Shares of Hewlett Packard Enterprise plunged more than 10 percent on Wednesday, after CEO Antonio Neri prepared investors for a more "challenging second half" of the year, overshadowing the company's better-than-expected earnings report.
Neri was hardly downbeat in offering up his forecast, which met analysts' expectations.
"We expect the growth rate to moderate," he said, citing tough comparisons to last year's numbers. "While we see a more challenging second half, we have got great momentum, and I'm confident that we will deliver on our annual fiscal year 2018 outlook."
After the report, analysts at Morgan Stanley even raised their price target on the stock to $21 from $20.
Still, the stock sank $1.77, or 10 percent, to $15.64 as of mid-day on Wednesday. The shares are now up 8.2 percent for the year.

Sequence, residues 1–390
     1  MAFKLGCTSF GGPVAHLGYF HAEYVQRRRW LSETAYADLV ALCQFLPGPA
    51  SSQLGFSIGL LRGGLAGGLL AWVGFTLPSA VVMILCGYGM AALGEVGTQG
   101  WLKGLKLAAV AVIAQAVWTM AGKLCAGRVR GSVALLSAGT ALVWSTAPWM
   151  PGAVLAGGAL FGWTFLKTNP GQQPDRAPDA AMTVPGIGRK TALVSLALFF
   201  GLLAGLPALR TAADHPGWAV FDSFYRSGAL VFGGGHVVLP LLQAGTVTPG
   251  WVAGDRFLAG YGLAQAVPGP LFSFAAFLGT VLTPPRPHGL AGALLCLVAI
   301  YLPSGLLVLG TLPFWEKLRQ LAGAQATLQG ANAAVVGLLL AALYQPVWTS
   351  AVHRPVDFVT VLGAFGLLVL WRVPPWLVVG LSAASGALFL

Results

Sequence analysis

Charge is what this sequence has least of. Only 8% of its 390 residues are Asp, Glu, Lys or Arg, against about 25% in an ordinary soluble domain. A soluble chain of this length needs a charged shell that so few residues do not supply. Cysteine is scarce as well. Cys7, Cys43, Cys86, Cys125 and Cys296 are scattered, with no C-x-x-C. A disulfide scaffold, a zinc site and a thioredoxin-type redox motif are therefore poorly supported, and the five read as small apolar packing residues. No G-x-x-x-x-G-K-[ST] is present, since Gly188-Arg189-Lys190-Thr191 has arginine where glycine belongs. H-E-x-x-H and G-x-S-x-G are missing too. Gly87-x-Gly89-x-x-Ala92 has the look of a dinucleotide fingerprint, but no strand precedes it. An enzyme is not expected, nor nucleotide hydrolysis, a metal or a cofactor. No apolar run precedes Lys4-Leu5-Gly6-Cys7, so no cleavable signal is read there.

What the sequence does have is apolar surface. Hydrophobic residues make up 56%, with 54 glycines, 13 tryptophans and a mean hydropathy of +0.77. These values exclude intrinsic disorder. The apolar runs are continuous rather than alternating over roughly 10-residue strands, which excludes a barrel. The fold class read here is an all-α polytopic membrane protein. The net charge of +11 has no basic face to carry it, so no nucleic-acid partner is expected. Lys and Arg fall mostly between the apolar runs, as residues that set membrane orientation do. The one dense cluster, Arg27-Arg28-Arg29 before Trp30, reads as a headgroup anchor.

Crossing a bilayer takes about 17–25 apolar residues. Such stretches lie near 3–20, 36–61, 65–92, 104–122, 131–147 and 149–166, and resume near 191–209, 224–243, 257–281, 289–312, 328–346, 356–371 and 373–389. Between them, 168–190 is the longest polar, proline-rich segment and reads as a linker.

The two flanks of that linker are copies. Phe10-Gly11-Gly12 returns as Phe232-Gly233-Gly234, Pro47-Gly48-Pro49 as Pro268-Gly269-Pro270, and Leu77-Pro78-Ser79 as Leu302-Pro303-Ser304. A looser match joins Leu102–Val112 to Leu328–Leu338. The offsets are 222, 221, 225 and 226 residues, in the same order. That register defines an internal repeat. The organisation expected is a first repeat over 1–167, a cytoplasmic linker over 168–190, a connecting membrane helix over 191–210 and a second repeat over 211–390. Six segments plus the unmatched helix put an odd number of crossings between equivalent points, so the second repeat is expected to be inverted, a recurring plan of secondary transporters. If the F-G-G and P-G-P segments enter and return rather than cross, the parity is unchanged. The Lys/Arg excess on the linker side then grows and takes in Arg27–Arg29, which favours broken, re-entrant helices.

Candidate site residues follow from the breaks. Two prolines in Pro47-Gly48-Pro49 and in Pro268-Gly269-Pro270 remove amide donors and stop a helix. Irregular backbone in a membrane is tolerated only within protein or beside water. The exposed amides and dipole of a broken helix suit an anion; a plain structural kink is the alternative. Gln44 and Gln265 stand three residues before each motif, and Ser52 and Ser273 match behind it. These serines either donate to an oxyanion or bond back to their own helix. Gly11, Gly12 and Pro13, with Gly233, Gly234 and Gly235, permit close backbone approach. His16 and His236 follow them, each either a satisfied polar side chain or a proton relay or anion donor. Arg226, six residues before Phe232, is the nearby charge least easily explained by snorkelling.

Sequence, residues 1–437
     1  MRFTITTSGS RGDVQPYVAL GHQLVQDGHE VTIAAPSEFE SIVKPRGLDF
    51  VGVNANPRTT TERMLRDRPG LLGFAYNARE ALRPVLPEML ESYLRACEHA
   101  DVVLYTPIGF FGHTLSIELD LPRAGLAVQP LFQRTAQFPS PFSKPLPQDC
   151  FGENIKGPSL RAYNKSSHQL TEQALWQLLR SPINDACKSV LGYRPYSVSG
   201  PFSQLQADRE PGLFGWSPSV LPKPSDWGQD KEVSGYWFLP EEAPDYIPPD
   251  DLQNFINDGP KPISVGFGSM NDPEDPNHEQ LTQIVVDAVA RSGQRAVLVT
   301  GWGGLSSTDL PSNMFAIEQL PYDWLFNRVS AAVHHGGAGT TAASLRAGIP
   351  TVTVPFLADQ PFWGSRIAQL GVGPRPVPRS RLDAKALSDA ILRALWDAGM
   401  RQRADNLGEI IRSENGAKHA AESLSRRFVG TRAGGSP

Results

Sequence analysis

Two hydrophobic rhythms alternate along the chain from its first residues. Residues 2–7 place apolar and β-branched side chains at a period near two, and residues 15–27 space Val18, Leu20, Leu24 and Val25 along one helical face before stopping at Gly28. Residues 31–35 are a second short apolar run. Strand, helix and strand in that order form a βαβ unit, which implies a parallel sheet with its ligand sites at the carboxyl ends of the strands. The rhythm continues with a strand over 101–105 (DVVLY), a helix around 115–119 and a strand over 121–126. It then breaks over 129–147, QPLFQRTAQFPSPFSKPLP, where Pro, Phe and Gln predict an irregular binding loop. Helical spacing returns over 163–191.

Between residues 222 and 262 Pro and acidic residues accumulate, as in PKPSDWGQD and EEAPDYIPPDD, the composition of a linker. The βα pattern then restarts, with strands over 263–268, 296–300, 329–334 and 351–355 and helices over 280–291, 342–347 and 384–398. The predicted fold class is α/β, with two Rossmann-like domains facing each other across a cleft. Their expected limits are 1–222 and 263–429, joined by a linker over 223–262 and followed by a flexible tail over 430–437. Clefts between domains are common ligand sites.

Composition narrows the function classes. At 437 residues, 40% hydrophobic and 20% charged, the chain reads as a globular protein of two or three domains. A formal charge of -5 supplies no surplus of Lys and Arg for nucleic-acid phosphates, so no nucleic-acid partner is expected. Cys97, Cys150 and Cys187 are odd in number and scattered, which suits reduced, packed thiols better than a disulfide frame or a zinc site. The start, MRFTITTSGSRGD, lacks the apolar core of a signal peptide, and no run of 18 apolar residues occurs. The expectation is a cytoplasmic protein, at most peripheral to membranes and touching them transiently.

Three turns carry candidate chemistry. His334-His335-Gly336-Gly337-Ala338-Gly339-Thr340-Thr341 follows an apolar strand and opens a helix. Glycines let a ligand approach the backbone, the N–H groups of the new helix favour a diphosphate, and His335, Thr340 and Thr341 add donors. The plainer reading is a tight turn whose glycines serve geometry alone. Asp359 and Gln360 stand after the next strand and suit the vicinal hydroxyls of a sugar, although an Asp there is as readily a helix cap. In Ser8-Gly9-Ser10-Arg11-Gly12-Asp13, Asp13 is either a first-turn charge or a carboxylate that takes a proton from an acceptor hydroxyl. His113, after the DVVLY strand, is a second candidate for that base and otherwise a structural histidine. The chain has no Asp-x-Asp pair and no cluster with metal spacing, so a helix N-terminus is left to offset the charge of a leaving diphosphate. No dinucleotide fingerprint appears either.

HPE beat revenue and profit estimates for the fiscal second quarter. HPE said in a statement that it generated earnings per share of 34 cents, excluding certain items, topping the 31-cent average analyst estimate, according to Thomson Reuters. Sales rose 10 percent to $7.5 billion, exceeding the $7.4 billion average estimate.
The company's biggest business segment, hybrid IT, grew 6.8 percent to $6 billion in revenue. Within that segment, the compute business ended the quarter with $3.21 billion in revenue, just shy of estimates, according to FactSet.
HPE said it it's expecting earnings per share of 35 to 39 cents in the fiscal third quarter, excluding certain items, and between $1.40 and 1.50 for the full fiscal year. Analysts expected 36 cents for the third quarter and $1.41 for the year, according to Thomson Reuters.
During the quarter, HPE bought Cape Networks, and venture capitalist Marc Andreessen left the company's board. HPE recorded a $140 million tax expense in the quarter as a result of recently enacted U.S. tax reform.